This blog is dedicated to the memory of Susan Pagnini. She fought the good fight and passed away on 9/6. She traveled her lonely road with dignity and grace. Rest in peace, Susan.
I am a woman who is very open about having metastatic breast cancer. I always have been and always will be. The support I get from others matters to me and lifts me up every day. Consequently, because I show no outward signs of being ill (especially because I’ve had no hair loss) people always comment about how great I look or what a great attitude I have. I often get the cringe-worthy “you’ll be fine” comment that used to make me respond with my patented rant about the reality of having stage IV breast cancer. (Although I didn’t, I wanted to scream “hey – I won’t be fine – I have a terminal disease!” ) Now, I use a gentler approach to educate those who make that comment, as I understand why people would assume I’ll be fine. Many people actually believe there is a cure for breast cancer. (Regardless of what you may think of “Koman for the Cure,” a huge downside to seeing the pink ribbon everywhere was that it unintentionally created the false impression to many that there is a cure for breast cancer.) Often, they simply don’t realize – being diagnosed with metastatic breast cancer is a death sentence.
I’ve learned, however that regardless of how open and sharing I am about being a woman living with breast cancer, being that woman isn’t always easy. For me (and for others, I suspect) having a terminal disease can put us on a very lonely road. We may even put on the “happy face” as a sign of our strength. Support groups (both on-line and traditional) and closed Facebook groups allow us to be ourselves without putting on that “happy face.” I’ve known many women with stage IV breast cancer (mostly through the on-line sites) who are no longer with us. After the initial shock, of being diagnosed, most are usually able to deal with the hills and valleys of living with metastatic breast cancer and this becomes evident through their posts. Our lives settle into a pattern of medical appointments, scans and treatments – all intended to delay for as long as possible, the inevitable progression. As the posters come to the end, however, they often release themselves of the “happy face” syndrome and free themselves of having to be strong for the people around them and also for themselves. Throughout it all, however, there is no escaping reality and that reality, from beginning to end, puts us on a very lonely road.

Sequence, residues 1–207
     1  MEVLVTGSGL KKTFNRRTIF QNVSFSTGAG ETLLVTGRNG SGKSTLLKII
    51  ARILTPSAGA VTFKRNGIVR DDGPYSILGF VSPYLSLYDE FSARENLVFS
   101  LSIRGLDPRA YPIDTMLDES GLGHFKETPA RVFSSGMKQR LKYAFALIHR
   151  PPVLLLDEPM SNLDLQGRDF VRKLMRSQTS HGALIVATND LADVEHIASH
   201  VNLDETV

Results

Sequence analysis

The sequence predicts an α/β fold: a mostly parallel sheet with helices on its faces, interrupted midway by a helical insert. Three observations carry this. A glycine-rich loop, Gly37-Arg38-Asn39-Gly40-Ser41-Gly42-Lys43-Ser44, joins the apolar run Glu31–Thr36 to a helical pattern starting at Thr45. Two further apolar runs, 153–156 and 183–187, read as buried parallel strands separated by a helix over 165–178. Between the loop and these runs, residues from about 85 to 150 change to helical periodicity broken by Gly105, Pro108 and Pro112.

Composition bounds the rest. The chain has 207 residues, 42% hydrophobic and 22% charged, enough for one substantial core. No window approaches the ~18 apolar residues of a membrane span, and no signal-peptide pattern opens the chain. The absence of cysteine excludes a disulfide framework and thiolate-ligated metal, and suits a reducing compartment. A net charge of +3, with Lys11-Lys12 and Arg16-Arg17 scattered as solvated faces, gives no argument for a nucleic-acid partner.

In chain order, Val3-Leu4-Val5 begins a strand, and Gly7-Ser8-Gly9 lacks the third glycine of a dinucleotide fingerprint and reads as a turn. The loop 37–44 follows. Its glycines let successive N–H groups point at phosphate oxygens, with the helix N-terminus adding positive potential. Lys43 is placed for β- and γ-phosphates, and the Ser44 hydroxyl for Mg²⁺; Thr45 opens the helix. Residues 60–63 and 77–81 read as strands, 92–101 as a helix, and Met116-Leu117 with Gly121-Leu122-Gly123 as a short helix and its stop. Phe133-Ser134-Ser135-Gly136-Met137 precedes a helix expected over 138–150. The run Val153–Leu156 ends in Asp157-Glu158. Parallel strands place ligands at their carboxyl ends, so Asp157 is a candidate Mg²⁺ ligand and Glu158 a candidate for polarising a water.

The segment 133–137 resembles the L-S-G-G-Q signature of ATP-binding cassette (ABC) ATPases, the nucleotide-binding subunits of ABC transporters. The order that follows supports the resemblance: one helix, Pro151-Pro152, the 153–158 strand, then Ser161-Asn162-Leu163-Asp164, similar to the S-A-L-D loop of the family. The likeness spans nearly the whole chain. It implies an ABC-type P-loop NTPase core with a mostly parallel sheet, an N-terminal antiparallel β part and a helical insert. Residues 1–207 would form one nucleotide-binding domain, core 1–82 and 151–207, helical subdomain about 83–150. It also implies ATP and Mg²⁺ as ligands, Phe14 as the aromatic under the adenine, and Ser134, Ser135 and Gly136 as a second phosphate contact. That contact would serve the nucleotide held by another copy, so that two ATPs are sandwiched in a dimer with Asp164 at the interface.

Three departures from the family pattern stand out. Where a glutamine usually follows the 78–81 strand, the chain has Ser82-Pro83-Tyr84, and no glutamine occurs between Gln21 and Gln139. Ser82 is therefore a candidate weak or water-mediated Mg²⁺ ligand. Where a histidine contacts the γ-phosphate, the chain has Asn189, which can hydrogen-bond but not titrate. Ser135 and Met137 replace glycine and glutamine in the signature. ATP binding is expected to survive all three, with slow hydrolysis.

I can be in a crowd of strangers, and feel alone. I can be at a family gathering, and feel alone. I can be getting dressed to start my day, and feel alone. I can be having a great day, and feel alone. I can be wearing my “happy face” and feel alone. Since my mets diagnosis in late 2009, I’ve had moments of loneliness that have grabbed me and brought me to tears. Early on, I went to a social worker at my cancer center, but after one visit, I realized that regardless of her education and experience, she couldn’t help me because she really had no idea what I was talking about, She had never traveled the same lonely road.
When nothing helped, I decided that possibly, I could help myself by helping others. I found a program, “Writing About Cancer” and was able to get a grant to cover the licensing fee. The workshop is free to participants and is held at the cancer center at which I am treated. It’s open to anyone with any type of cancer. I do the assignments with the participants. For those four, 2-hour sessions, I am able to hear others’ stories, share their and my written thoughts and always realize that regardless of the type of cancer, or the stage, we all travel the lonely road. I’ve facilitated the workshop many times and have made friends with some of the participants. A few have passed away and I feel honored to have known them and shared our life stories with each other.
In the end, however, the road we travel as part of our life journey belongs only to us. While we like to think we control every aspect of every step on that road, there are always unexpected detours. Some bring us joy and help make our lives happy beyond anything we could ever have imagined. Some, however make us lose our way and forces us to stop until we figure out which direction will lead us to where we want to be. For me, having metastatic breast cancer often takes away my ability to decide which road to take. Whether I like it or not, whether I fight it with all my energy and common sense and even though I have the tools I need to control most of my life – I can’t control metastatic breast cancer. It is that reality leaves me stuck in the mud of the lonely road.
Don’t Stop Believing!
May you realize that even in your darkest moments, something wonderful and amazing can happen that will change your life and remind you to never stop living for those rays of light that will take away the dark.